Milwaukie Lumber – Then and Now

Starting with this post I’m doing something called “Then and Now”, where, yep, you guessed it, I’m showcasing an older photo and contrasting it with the modern shot. First up is Milwaukie Lumber.

The Ledding Library in downtown Milwaukie has some great old photos of the area hanging in the staircase that leads to the children’s library. One of the shots I snapped [sorry for the lousy resolution] looked really familiar:

Then I remembered – if you walk out of the new Cha Cha Cha on Main, go right, then right again [I want to say Monroe Street] there it is:

6 thoughts

  1. I can’t find any evidence of it online, but a historian once told me that these old-style lumber yards are starting to get attention from historians as they close up under pressure from familiar big box stores.

    Someone could probably do a whole blog about pre-modern lumber yards.

  2. Old school lumber yards and hardware stores are by far the better places to shop. These little guys do a much better variety of stocking the specialty items that one needs in restoring an old home The big box guys are all about selling cheaply made, fashionable items, in big volumes. Often the little yards and shops have prices that meet or beat the big guys too.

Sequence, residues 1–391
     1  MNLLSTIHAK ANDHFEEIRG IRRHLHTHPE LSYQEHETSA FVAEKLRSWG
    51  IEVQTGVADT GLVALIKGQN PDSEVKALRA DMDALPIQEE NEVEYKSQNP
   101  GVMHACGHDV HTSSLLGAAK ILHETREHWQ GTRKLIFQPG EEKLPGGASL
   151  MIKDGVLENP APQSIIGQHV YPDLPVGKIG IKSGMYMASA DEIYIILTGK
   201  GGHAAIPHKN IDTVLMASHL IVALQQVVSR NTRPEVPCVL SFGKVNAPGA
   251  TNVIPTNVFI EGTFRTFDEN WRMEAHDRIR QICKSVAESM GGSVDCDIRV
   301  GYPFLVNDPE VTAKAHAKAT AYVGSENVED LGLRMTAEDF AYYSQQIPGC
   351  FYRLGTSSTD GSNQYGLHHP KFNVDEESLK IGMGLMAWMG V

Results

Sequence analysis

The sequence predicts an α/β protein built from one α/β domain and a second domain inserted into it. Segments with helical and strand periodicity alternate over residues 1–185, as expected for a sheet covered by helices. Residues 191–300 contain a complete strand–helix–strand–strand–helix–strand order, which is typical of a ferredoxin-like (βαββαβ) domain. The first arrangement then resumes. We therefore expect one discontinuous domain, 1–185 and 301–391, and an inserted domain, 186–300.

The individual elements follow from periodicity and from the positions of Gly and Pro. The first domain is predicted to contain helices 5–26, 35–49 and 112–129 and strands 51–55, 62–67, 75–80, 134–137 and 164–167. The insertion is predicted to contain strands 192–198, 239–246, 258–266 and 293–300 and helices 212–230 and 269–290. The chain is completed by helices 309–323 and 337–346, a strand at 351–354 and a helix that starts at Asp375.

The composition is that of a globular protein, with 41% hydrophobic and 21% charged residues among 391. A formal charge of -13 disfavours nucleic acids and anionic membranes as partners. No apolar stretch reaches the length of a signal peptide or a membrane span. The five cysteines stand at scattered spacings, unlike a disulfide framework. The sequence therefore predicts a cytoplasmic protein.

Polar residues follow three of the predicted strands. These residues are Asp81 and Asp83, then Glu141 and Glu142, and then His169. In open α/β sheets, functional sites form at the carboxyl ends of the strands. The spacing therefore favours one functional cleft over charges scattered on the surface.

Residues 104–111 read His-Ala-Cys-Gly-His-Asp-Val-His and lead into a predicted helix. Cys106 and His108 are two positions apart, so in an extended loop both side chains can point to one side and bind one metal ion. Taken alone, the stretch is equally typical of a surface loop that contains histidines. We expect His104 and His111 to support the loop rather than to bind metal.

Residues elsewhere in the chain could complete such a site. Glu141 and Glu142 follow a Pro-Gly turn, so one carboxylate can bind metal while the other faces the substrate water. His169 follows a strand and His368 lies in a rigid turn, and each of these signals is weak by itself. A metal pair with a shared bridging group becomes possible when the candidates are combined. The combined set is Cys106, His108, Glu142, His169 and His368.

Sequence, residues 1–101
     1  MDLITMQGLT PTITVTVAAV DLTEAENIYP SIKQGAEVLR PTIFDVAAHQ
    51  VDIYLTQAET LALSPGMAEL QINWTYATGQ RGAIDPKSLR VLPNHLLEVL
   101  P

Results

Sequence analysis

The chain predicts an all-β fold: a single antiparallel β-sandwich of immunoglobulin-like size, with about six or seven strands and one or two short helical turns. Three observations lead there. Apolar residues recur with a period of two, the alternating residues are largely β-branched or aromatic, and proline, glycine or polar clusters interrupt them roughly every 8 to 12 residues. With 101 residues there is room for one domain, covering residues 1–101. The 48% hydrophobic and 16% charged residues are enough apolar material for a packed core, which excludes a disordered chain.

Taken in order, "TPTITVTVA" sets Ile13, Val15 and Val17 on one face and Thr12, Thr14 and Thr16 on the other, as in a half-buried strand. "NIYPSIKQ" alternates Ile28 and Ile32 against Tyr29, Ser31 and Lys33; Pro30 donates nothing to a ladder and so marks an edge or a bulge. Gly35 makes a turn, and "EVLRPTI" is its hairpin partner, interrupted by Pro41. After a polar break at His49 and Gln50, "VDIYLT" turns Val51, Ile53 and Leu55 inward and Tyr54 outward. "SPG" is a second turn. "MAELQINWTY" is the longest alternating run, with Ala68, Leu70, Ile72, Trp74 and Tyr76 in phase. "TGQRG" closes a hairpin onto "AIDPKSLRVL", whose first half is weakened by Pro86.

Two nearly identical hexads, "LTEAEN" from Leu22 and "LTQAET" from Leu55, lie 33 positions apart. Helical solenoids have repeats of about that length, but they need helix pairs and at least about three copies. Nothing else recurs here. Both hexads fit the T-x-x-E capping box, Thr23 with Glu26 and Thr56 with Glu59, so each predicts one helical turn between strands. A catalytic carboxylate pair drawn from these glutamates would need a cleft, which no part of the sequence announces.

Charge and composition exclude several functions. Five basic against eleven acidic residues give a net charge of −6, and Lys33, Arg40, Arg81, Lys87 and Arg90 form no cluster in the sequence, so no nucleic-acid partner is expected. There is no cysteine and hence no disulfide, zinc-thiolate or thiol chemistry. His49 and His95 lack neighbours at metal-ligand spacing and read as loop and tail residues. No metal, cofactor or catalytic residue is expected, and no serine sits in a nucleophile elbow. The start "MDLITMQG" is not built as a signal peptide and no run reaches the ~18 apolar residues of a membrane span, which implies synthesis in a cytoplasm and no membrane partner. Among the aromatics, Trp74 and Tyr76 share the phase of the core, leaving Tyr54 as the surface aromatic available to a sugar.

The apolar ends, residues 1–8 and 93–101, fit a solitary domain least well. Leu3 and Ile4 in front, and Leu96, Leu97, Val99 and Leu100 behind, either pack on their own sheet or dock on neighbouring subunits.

Cherish Milwaukie Lumber while you still can. They will likely be displaced by the Milwaukie Light Rail Project in a year or two.

  3. That is totally cool. It looks familiar – is this the street where Dark Horse and Things From Another World are located as well? (See, I am a comic geek.)

  4. Hm, I have a feeling I went there often with my dad when I was a kid. My dad was a self-employed carpenter/ contractor and he had his favorite places to get lumber or whatever other pieces of hardware he needed. If it was the summer or whatever I would sometimes tag along on a trip to pick up supplies. I wish I could remember what other places he went to, these are just vague memories coming back.

  5. There was another lumber yard in Milwaukie, across Main St. from City Hall, where the municipal parking lot (and Saturday Market) is now. I think that one was the pictured McReady yard.

  6. Milwaukie Recollections:

    Like most kids, who lived in Milwaukie in the mid-50’s-early 60’s (Milwaukie JR HS and HS years), I picked beans and strawberries and worked at a variety of other jobs including: Hanna’s Car Wash (the original one–Mrs. Hanna was the boss and her son,Dan, hadn’t yet become a mogul); operated the register, pulled stock and drove a delivery truck for that Main Street lumber yard; and was a self-employed handy-man (well, OK, handy-boy) mowin’ lawns, weeding gardens, building fences, painting houses and diggin’ basements (with a pick, shovel and wheelbarrel–useful for getting in shape for football, but otherwise completely unprofitable work).

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